Now that we are two episodes into the season, it has become clear that Supergirl moving to the CW has led to more changes than I first thought. Coming from a first season that I and so many others enjoyed, this can be seen as frustrating and scary. But rest easy friends, because in this case, change is good. “The Last Children of Krypton,” shows us that change, for the characters and the show itself, is all for the better.
WARNING: FULL SPOILERS AHEAD
The episode opens showing that the duo of Supergirl and Superman is a winning combo. National City has never been safer and the Kryptonian cousins are enjoying their family time, and in turn, so are we (Melissa Benoist and Tyler Hoechlin continue their top-notch chemistry). However, not everyone is a fan of the new team (i.e: everyone close to Kara). While “Team Krypton” is saving the day, the DEO et al. is feeling like the JV football team: ignored. This all comes to a head as Metallo and Cadmus comes into play.
Small side-note: While I spent most of last week jumping for joy thinking that Metallo would be the main villain of the season, it turns out I was a little premature in this assumption. It has become clear that the main villain, at least for now, is the Cadmus Lab/Prison and its leader, the Doctor, played by Brenda Strong (best known from Desperate Housewives). Sources say the Doctor may be Serling Roquette, but until they say the name, I’ll wait to put out my thoughts.
As for Metallo, we soon find out that he isn’t so special after all. Supergirl and Superman find out soon after their first battle with him that Cadmus has made another laser shooting cyborg in order to overwhelm the heroes. Surprise, surprise: without backup support, the two Metallos do overwhelm the heroes, and part of Metropolis is destroyed in the process. After the episode deals with Supergirl and Superman’s problem of not letting others help them (Superman has a heart-to-heart with J’onn J’onzz and Kara has one with Alex), it culminates in a truly epic battle pitting Supergirl and Alex against one Metallo, and Superman and J’onn J’onzz against the other. Hands down, this was the finest action filmmaking that Supergirl has put forth yet, and I’m excited to see what else is to come in the season. The two pairs of heros readily destroy the Metallos, as well as my hopes that he would be around all season (although, never say never).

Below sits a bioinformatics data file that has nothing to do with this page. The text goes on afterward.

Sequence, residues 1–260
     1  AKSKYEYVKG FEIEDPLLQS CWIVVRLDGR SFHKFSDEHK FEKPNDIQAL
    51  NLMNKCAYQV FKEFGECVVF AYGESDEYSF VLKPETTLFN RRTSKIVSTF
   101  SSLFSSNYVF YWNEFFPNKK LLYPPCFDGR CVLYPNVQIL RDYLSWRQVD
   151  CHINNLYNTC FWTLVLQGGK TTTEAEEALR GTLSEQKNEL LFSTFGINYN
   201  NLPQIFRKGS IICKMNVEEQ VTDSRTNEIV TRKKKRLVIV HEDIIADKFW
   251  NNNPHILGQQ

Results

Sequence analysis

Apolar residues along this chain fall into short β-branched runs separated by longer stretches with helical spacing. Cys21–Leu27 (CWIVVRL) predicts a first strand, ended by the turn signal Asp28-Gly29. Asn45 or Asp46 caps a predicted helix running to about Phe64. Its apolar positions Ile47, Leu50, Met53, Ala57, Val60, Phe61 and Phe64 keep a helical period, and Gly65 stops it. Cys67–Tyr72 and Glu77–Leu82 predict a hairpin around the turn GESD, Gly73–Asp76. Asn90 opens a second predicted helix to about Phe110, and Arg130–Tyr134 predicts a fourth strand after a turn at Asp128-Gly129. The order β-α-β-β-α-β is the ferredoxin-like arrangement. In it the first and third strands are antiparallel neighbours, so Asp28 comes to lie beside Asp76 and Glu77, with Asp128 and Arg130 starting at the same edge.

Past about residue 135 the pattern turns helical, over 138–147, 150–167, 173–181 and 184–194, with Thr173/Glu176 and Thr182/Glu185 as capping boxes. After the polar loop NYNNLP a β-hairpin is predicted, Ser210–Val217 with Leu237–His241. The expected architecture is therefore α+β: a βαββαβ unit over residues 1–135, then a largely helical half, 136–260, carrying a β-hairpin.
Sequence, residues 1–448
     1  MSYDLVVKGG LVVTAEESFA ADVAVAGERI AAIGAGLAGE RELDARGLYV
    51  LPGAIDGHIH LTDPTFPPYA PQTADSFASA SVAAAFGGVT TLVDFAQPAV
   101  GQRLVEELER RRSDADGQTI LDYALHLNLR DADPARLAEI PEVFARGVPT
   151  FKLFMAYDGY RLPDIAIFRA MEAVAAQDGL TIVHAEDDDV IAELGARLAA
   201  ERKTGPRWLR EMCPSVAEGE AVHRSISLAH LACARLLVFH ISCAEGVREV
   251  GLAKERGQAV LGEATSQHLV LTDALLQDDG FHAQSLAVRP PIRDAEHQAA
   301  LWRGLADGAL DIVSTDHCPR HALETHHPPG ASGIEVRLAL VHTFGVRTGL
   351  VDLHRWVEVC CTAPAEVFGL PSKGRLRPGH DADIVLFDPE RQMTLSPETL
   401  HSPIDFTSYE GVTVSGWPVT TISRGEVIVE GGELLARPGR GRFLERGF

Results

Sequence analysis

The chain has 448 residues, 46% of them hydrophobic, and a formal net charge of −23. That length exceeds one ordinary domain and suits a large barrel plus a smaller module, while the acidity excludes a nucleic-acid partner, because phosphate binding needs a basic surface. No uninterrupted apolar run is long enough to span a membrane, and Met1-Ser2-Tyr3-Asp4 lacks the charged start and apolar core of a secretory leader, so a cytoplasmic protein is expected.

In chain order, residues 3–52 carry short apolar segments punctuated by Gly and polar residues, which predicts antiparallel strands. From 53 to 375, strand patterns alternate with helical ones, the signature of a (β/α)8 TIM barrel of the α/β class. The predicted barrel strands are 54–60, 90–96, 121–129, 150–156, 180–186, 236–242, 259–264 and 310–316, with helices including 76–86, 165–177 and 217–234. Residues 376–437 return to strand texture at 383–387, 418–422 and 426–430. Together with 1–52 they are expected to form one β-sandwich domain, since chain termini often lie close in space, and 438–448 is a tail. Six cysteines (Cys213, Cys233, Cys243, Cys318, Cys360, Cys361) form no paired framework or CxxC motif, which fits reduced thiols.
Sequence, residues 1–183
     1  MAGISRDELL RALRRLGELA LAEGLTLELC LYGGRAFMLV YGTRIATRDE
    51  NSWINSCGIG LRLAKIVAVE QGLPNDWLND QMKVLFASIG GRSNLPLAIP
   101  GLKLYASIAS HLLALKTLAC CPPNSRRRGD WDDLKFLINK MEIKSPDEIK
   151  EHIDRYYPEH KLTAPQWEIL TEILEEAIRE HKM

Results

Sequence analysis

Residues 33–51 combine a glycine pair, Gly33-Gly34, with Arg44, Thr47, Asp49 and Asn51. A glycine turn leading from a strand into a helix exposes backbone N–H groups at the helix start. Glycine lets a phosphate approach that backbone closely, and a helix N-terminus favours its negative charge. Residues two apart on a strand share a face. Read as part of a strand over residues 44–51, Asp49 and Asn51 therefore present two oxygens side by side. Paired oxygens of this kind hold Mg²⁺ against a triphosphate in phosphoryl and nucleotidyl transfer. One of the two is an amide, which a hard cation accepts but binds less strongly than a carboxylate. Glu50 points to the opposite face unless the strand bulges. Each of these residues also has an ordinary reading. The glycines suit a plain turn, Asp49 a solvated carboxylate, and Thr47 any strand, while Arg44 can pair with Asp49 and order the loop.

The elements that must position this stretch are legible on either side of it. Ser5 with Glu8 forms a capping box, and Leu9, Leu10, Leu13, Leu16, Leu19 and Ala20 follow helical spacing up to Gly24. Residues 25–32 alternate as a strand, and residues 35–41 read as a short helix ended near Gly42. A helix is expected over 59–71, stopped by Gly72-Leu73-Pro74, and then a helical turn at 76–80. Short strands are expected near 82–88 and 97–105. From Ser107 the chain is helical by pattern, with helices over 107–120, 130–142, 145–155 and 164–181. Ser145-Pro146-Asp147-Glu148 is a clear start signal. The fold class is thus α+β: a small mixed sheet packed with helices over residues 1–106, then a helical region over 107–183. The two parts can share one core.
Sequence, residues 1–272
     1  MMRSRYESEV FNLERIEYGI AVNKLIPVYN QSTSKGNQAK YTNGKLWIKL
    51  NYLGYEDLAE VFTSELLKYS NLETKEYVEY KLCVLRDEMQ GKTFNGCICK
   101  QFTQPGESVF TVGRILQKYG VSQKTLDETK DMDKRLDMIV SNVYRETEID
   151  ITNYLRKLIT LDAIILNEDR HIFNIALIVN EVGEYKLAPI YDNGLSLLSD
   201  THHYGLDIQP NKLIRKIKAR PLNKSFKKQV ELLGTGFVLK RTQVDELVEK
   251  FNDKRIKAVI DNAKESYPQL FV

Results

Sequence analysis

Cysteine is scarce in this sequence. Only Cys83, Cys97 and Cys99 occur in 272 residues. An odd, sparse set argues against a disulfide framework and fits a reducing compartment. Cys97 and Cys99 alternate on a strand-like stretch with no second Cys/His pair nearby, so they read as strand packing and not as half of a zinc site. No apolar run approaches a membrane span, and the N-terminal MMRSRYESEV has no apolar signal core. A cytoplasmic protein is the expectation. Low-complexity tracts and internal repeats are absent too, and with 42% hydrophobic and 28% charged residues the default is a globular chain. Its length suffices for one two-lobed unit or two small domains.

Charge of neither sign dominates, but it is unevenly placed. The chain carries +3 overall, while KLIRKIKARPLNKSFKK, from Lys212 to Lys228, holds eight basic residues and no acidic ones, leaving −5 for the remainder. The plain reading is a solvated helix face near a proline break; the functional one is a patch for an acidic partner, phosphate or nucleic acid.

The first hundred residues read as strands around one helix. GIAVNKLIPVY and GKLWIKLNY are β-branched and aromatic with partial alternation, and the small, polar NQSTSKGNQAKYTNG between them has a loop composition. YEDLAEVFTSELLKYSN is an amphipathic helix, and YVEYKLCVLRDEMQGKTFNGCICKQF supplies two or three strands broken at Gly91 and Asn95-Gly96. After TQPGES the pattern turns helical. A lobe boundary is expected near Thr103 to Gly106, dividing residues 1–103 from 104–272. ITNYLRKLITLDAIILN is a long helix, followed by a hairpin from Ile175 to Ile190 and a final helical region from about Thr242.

At its close, the episode deals with a lot of goodbyes and a few hellos. Superman heads back to Metropolis (come back, Tyler Hoechlin!) and Cat reveals she is off to take a leave of absence (come back, Calista Flockhart!). Two of the stronger characters of the show are gone, but we are left with some interesting replacements. James Olsen makes his only appearance in the episode to say that he is replacing Cat as the Head of CatCo, and our mysterious comatose alien wakes up and goes all Colonel Hans Landa on Kara.
While this episode was heavily focused on the more serious fights against the Metallos, it was not without levity. Kara battled wits with her new boss/mentor, Snapper Carr (Cougar Town’s Ian Gomez). Snapper is even more dismissive to Kara than Cat was, but the new-and-improved Kara does not go down without a fight. With some encouraging, final words from Cat about how she has to take new things in her life head on, Kara stands up to Snapper and just like that, he is her new mentor. Now that we have Kara as a reporter, hopefully the show will be more streamlined between Kara’s super life and her work life.
When Supergirl first began on CBS, the show shined for its light-hearted approach to the superhero TV genre, a world dominated by excessive amounts of dark and grim. It was a female-centric superhero show that not only dealt with fighting villains, but also was a great venue to delve into gender/sexism issues. It was Superman meets The Devil Wears Prada.
As we enter the second season, now on the CW, Supergirl has done a subtle revamp. Much like Kara herself, the show is more secure in what it is. It feels much bigger and definitely more involved with the rest of the DC Universe. It has done away with the excessive love triangles, and instead is focusing on a Kara who is still figuring out what she wants to do, but is damn sure she is going to get there, as long as she has her friends and family at her side. This new, self-assured Supergirl has already matched the top episodes of the first season, and with a renewed focus, I only expect the show to keep flying high.
Episode Grade: A-
+Supergirl/Superman/Alex/J’onn J’onzz vs. the Metallos
+Infinite Crisis shot!
+Winn as the personification of comic relief
-Superman gone so soon!
-Considering the caliber of villain he is from the comics, Metallo should have been better.
What do you think of the changes in Supergirl? Go back to how it was, or onward and upward? Tell us what you think in the comments or on Twitter!